Robyn and Erin Moore at the book signing in Borders Uptown, Dallas

Domestic Violence Resources Directed Toward Bisexuals

La Red: The Network for Battered Lesbian, Bisexual and Transgender Women.
An organization dedicated to ending abuse in lesbian, bisexual women’s and transgender communities (Acabando con el abuso en comunidades de lesbianas, de mujeres bisexuales y de gente transgénero). They have provided the following resources:

Essays/Chapters Available Online

Robyn Ochs, various articles, including:

Theory Not (Yet) Available Online

  • Angelides, S 2001, A History of Bisexuality, University of Chicago Press, Chicago and London.
  • Angelides, S 2007, Historicizing (Bi)Sexuality: A Rejoinder for Gay/Lesbian Studies, Feminism, and Queer Theory, Journal of Homosexuality, vol. 52, no. 1/2, pp. 125-58.
  • Burrill, KG 2002, Queering Bisexuality, in D Atkins (ed.), Bisexual Women in the Twenty-First Century, The Haworth Press, New York, pp. 96-105.
  • du Plessis, M 1996, Blatantly Bisexual; or Unthinking Queer Theory, in D Hall & M Pramaggiore (eds), Re-Presenting Bisexualities: Subjects and Cultures of Fluid Desire, New York University Press, New York, pp. 19-54.
  • Eliason, M., Queer Studies: A Lesbian, Gay, Bisexual, and Transgender Anthology.
  • Fraser, M 1999, Classing Queer: Politics in Competition, Theory, Culture & Society, vol. 16, no. 2, pp. 107-31.
  • Gammon, M & Isgro, K 2007, Troubling the Canon: Bisexuality and Queer Theory, Journal of Homosexuality, vol. 52, no. 1/2, pp. 159-84.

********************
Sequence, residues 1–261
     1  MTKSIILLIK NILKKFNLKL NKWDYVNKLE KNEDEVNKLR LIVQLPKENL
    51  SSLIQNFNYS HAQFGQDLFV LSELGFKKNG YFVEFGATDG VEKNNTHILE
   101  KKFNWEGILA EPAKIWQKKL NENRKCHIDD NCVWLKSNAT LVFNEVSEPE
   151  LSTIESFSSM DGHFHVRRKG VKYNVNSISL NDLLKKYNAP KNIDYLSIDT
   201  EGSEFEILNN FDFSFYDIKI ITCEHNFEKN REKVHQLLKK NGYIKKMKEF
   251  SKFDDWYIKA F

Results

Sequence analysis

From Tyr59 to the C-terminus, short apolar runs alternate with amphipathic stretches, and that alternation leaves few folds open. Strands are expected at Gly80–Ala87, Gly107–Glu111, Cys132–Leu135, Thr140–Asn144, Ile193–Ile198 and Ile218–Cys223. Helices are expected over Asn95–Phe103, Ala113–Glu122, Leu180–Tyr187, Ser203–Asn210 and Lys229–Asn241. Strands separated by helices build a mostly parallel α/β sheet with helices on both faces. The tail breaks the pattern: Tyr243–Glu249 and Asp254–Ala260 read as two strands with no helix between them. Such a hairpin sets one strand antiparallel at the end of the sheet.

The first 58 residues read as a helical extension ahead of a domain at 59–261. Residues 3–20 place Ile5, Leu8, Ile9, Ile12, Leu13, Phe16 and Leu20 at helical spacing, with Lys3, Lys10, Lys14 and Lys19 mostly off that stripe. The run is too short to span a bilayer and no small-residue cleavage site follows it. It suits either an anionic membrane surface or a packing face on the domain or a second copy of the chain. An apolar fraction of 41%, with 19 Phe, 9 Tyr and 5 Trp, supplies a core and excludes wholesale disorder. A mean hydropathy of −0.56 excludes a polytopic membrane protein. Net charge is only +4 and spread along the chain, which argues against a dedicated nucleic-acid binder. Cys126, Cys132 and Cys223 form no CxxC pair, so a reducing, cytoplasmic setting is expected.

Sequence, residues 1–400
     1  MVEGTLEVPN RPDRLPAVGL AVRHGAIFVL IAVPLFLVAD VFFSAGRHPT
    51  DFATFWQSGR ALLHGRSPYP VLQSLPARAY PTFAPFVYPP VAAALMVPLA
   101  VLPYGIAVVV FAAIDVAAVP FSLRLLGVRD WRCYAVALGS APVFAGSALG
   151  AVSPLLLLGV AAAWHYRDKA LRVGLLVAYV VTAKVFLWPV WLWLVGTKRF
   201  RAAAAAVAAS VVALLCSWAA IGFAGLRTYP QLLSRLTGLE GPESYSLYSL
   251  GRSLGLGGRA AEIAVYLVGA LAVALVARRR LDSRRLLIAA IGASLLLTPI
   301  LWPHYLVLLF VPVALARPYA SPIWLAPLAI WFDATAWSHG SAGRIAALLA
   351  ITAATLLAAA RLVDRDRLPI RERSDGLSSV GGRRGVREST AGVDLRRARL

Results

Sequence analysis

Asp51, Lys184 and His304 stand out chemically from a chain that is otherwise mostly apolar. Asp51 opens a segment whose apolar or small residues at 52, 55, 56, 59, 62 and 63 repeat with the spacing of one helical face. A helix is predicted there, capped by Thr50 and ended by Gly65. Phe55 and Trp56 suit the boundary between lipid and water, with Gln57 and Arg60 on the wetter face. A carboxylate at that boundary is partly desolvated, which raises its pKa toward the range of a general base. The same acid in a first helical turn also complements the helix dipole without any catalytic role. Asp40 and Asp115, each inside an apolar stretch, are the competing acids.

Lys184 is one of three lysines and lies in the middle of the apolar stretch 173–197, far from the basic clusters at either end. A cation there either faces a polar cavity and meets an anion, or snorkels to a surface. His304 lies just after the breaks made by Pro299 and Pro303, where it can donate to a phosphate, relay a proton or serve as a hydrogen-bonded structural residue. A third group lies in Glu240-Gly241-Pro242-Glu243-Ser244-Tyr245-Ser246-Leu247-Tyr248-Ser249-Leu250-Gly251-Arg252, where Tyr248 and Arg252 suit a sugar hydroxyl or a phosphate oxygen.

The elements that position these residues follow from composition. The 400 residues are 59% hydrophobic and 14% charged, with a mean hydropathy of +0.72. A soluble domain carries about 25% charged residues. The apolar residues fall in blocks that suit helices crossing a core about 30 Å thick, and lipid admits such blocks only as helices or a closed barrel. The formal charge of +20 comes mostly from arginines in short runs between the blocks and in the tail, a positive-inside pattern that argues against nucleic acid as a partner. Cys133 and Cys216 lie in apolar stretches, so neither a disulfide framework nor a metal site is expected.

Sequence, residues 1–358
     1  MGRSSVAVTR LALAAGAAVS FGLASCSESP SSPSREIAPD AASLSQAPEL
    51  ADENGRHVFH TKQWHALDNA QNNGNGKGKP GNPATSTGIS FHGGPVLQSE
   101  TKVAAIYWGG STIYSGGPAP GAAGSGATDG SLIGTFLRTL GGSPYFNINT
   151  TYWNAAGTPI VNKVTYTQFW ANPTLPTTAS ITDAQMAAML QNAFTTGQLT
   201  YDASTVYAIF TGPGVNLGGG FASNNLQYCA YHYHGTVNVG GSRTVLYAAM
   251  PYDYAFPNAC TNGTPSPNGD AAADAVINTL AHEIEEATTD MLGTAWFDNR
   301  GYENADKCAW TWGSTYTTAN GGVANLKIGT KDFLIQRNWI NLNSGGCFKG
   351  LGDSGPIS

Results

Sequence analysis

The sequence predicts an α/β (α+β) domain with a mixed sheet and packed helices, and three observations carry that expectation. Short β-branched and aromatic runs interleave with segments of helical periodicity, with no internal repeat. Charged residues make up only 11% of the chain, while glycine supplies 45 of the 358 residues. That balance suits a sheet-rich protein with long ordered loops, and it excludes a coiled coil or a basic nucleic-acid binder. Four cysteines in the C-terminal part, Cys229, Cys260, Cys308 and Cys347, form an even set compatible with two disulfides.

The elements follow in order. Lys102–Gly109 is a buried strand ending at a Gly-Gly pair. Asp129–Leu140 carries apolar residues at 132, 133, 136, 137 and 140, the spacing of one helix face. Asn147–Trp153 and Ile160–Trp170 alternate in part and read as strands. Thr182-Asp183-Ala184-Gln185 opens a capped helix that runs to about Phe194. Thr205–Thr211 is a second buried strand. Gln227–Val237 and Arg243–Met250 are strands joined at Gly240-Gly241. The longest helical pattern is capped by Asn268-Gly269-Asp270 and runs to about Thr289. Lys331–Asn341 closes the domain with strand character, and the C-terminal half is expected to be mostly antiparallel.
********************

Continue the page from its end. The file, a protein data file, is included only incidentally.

• Hemmings, C., Bisexual Spaces: A Geography of Sexuality and Gender.
  • Horncastle, J 2008, Queer Bisexuality: Perceptions of Bisexual Existence, Distinctions, and Challenges, Journal of Bisexuality, vol. 8, no. 1/2, pp. 25-49.
  • Storr, M 1999, Postmodern Bisexuality, Sexualities, vol. 2, no. 3, pp. 309-25.

Bisexual Identity Development

(Thanks to Margaret Robinson!)


I am frequently asked to recommend FILMS about bisexuality. Interestingly, there is not a single film that reflects MY experience, that deals comprehensively with bisexuality, is of high production quality, available, and that treats bisexual identity with respect. But there are a few quality films out there, each of which does a good job addressing a slice of bisexuality. Here are a few:

  • Bisexual Revolution – A documentary from France, in French and with English subtitles (YouTube trailer).
  • Rose By Any Other Name… – A New Bisexual Web TV Series
  • Crossing the Line (2008) – Made in Canada by Deveraux Babineau Productions and first broadcast on CBC television on February 19, 2008, this one-hour documentary follows two young women coming out as bisexual in Toronto, Ontario. The documentary raises an interesting question: If you don’t come out in the context of a specific relationship wtih a specific person, how exactly do you go about finding community and exploring your sexuality? (Disclaimer: I’m one of the “experts” interviewed in this documentary.)
  • Bi the Way (2008) – Made in the U.S. by filmmakers Brittany Blockman and Josephine Decker who travel around the U.S. and interview people about bisexuality. This film focuses on the under 30 crowd.

Please feel free to write to me with additional recommendations.

Bi-Themed Television Talk Show is Finally Available Online

BiCities – Out of Minneapolis/St. Paul, Minnesota. Hosted by Dr. Marge Charmoli and Dr. Anita Kozan. They do some wonderful interviews. I’ve been on their show twice and can vouch for this!